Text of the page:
Moscow — So you want to read ''War and Peace'' in the original tongue? Or maybe just understand what the Russian spies are saying to one another in the James Bond films - without reading the subtitles?
Either fancy requires some familiarity with Russian, the language of some 270 million people in the Soviet Union. And an acquaintance with Russian is invaluable for anyone traveling to this country, which, after all, occupies about one-sixth of the world's land area.
''Russian isn't that hard,'' you'll undoubtedly be told. I respectfully disagree. People who say that, I've discovered, almost invariably come from one of three groups: people who majored in Russian in college, salesmen for language courses, or Russians.
I recently learned basic Russian - very basic Russian - in preparation for a reporting assignment in Moscow. My own opinion: It is a difficult language to learn. But it's not impossible, and once you've mastered a few of the fundamentals, you get an unusual sort of satisfaction from deciphering those long strings of Cyrillic characters.
Before beginning to study the language, you should define your goals: Do you want to understand spoken Russian, speak it yourself, and be able to read it and write it? Or do you wish to learn just one or two of these skills?
My own view is that verbal comprehension and speaking should come first. I am persuaded by the argument that, as children, we first learn to speak and only later progress to writing.
Besides, I found written Russian exercises far more time consuming - and far less interesting - than verbal drills. Other students with whom I've spoken tend to agree.
Next comes the process of finding a teacher - not as easy as it sounds. Should you have a Russian who speaks English or an American who speaks Russian? Native Russian speakers tend to disparage the teaching done by native English speakers, arguing that students end up with the wrong accent. American teachers, on the other hand, argue that many Russians lack the patience and the familiarity with American teaching methods necessary to ensure a student's success.
My own view is that both sides have some valid points. So shop around. Don't be afraid to question instructors' qualifications. Listen to their pronunciations and compare them with tapes of native Russian-speakers. (Berlitz publications, for example, markets a cassette of ''Russian for travelers'' that is useful for comparison purposes.) And don't hesitate to switch teachers if your needs aren't being met. The language itself is challenging enough. You don't need a testy or pedantic instructor to complicate matters further.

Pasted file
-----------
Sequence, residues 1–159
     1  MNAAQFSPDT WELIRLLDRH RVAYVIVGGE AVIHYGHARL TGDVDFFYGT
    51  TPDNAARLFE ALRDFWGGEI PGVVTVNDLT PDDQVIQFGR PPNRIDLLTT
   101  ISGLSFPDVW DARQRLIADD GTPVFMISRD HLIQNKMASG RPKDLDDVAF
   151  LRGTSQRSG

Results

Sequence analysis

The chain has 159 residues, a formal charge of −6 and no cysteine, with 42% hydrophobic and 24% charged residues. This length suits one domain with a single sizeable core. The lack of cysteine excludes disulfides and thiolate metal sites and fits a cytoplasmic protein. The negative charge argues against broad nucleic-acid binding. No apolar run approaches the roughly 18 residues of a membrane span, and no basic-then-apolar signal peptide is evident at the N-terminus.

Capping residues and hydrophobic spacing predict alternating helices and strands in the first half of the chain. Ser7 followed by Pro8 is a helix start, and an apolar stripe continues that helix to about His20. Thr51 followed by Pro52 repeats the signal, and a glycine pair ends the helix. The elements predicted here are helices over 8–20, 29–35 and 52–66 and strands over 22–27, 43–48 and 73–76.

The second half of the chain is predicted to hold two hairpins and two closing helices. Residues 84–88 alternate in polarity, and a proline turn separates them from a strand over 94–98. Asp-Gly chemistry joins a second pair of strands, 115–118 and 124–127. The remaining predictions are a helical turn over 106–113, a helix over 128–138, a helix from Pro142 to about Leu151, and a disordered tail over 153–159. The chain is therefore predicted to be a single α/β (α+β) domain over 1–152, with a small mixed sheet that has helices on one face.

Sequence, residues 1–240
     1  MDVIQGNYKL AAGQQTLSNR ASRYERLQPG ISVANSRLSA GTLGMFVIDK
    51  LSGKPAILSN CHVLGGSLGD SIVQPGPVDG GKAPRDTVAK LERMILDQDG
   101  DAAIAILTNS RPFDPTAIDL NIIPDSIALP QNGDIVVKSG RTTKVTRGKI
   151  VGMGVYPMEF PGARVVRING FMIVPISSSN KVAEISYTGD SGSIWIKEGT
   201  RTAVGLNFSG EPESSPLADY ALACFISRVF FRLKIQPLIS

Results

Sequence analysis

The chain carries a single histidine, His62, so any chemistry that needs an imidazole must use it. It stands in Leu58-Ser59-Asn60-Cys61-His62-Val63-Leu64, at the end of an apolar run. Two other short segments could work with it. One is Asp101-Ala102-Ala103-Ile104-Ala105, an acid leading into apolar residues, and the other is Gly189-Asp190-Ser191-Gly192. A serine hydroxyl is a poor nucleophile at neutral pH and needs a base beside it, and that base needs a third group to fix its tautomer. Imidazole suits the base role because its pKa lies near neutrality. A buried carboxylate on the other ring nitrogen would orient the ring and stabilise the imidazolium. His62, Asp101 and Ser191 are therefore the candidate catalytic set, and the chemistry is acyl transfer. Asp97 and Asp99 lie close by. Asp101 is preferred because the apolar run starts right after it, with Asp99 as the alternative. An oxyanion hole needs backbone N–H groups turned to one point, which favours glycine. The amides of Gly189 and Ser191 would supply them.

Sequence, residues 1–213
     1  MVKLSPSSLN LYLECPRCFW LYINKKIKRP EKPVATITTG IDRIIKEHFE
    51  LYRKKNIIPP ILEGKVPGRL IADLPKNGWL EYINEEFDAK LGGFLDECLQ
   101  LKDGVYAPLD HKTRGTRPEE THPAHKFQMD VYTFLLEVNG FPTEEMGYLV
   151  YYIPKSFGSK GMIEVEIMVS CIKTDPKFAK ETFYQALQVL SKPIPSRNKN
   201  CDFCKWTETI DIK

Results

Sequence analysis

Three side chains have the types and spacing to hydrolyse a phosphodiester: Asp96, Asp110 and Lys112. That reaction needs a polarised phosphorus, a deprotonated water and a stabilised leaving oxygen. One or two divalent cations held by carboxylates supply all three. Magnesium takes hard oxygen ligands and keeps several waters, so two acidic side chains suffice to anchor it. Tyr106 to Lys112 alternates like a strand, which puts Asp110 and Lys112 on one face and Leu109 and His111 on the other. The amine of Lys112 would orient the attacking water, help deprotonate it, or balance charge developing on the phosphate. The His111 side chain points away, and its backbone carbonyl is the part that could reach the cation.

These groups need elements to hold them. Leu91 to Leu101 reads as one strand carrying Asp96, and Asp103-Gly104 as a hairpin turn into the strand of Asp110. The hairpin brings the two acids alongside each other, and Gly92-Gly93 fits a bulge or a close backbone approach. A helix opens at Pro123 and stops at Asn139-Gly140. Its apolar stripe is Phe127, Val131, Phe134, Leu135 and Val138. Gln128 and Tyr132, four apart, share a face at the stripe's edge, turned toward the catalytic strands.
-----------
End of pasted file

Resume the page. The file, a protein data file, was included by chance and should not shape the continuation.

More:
Your choice of instructors may be wider if there is a Russian immigrant community in your area. Ask around at local colleges, universities, churches, and synagogues. Private instruction, arranged directly with a teacher, is probably going to be cheaper than lessons arranged through a language school.
Berlitz, one of the more popular language schools, does have some excellent instructional materials in Russian. But Berlitz courses can be frightfully expensive, despite discounts that climb as you sign up for more lessons. Again, shop around. But beware of language schools that don't regularly offer Russian training.
Fortunately, there are highly regarded university programs in Russian on both coasts - at Middlebury College in Vermont and at California's Monterey Institute. A number of other organizations sponsor (or can provide information about) specialized Russian courses. These include the Council on International Educational Exchange, 205 East 42nd Street, New York, N.Y. 10017; the American Association for the Advancement of Slavic Studies (currently headquartered at Stanford University in Palo Alto, Calif.); and the American Council of Teachers of Russian (815 New Gulph Road, Bryn Mawr, Pa. 19010). Some of the courses are held in Moscow and Leningrad, thus providing an opportunity for immersion in Soviet culture.
All of the above might sound discouraging to a would-be Russian-speaker. It shouldn't be. Russian is a rich tongue, and learning it can be exhilarating. I recall my own pride the first time I succintly informed one Muscovite that I wished to arrange an interview with Soviet leader Yuri Andropov. His mouth flew open, then stretched into a wide grin. I still don't know whether he was impressed by my pronounciation or astounded at my impertinence. I haven't met Mr. Andropov yet, but I haven't given up trying. And that's the key to learning Russian: Don't give up trying, and do assume the Russians are sharing your pride in trying their language - not laughing at your attempt.